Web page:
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Uniform Guidance Procurement Requirement Considerations

By Karen Lynch, on September 3rd, 2019

The Office of Management and Budget (OMB) issued Title 2 U.S. Code of Federal Regulations (CFR) Part 200, Uniform Administrative Requirements, Cost Principles, and Audit Requirements for Federal Awards (Uniform Guidance) in December 2013. Due to significant changes in the Uniform Guidance procurement requirements, OMB delayed implementation of those Uniform Guidance provisions until January 1, 2018. A few of the significant changes to the procurement compliance requirements include documentation of conflicts of interest surrounding purchasing, five specific methods for procuring goods and/or services, and justification for purchases using the sole source methodology.

All organizations should already be maintaining, and updating annually, conflict of interest statements for board members and key employees. However, the new procurement requirements expand the reach of who should be completing such forms. Organizations should be reviewing and considering any and all employees involved in the selection and administration of purchases and contracts. Those identified employees should complete a conflict of interest form annually, specifically taking into consideration any real or apparent conflicts, whether they’re financial or based on relationships. The completed forms should be reviewed by an individual knowledgeable of the organization to identify any conflicts and ensure controls are in place over those transactions.

The biggest change under the new procurement compliance requirements was the addition of five prescribed methods of procurement to be followed when making purchases with federal funding. The objective of the methods was to ensure full and open competition of purchases. While the methods must be followed for any and all purchases involving federal dollars, the thresholds established are the maximum limits that must be adhered to and organizations should tailor the thresholds to be more in line with their current business practice transactions. The five prescribed methods are as follows, with the current thresholds as established by the National Defense Authorization Act (NDAA) of 2018, Sections 805 and 806:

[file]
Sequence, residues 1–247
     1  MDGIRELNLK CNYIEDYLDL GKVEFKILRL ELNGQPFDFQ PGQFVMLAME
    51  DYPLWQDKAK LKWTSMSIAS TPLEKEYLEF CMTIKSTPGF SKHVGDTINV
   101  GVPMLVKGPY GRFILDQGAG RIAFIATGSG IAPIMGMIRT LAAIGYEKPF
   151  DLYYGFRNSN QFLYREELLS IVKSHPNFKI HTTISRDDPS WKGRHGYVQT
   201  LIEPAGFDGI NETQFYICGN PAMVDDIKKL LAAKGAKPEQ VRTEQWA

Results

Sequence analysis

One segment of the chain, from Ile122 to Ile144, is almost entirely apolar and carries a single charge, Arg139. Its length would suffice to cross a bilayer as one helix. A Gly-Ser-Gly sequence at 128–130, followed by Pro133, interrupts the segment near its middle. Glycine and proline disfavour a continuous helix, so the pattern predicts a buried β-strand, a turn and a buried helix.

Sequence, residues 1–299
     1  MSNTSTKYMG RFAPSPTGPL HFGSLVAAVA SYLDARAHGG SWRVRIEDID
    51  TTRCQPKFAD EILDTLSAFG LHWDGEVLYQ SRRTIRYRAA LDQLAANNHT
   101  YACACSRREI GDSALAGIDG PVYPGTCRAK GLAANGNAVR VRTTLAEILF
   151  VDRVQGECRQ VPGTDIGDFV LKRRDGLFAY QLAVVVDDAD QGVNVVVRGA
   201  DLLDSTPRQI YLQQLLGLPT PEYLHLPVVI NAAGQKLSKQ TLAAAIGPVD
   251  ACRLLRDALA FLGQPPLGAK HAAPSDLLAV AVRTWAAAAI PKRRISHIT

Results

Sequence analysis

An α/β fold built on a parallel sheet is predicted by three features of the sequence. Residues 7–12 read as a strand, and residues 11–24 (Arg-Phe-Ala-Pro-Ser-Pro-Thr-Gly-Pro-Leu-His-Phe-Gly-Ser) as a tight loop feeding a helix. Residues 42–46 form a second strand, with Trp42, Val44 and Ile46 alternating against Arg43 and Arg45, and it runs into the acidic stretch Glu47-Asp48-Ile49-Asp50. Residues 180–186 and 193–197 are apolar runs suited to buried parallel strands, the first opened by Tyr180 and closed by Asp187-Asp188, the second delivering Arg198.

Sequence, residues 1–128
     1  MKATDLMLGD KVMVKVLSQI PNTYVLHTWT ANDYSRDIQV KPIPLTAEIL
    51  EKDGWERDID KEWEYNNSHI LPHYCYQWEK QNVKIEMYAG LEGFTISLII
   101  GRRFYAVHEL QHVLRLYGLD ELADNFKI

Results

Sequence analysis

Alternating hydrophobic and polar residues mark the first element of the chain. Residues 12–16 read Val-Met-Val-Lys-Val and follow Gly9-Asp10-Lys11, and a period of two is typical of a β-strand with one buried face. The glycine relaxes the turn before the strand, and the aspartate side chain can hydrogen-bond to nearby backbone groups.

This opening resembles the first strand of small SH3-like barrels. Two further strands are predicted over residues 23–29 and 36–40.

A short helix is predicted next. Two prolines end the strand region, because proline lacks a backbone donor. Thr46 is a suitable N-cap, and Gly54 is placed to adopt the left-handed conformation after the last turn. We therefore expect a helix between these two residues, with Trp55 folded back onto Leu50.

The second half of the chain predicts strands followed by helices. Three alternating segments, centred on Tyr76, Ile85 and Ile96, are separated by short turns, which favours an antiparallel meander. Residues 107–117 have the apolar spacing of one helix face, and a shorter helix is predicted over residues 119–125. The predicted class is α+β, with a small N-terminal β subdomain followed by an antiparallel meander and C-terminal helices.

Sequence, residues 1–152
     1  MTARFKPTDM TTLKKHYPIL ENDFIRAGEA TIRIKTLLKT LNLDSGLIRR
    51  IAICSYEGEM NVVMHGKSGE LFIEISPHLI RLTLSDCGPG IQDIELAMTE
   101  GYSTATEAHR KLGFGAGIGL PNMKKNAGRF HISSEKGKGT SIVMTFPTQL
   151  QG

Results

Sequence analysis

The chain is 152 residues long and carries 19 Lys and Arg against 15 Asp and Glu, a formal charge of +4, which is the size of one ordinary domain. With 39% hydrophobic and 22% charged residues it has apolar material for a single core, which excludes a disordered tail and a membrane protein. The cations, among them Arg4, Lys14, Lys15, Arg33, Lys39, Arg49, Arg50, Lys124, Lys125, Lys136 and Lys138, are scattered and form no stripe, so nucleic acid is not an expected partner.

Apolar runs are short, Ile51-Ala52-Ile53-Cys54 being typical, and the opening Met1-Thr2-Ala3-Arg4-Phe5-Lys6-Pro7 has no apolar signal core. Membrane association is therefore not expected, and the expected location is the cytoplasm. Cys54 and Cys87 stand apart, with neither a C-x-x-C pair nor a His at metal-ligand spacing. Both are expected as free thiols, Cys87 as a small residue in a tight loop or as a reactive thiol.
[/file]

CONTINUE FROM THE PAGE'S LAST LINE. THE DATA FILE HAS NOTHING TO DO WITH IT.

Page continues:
1. Micro-purchases (<$10,000) – applies to purchases, which in the aggregate, do not exceed $10,000. Maintaining documentation to support the cost of the goods or services is not required to the extent the price is deemed reasonable.

2. Small purchases/Simple Acquisition (<$250,000) – for purchases of goods and/or services over $10,000 but less than $250,000. This requires documentation of price quotes from an adequate number of sources (not defined). Examples would include emails, online research, or catalog pricing. Any and all documentation should be maintained with the final selection.

3. Procurement by Sealed Bids (>$250,000) – the preferred method for any construction related purchases. The request for bids must be made public and solicited from an adequate number of sources (not defined). Bids are required to be opened publically and a formal review documented with the contract awarded to the lowest responsible bidder.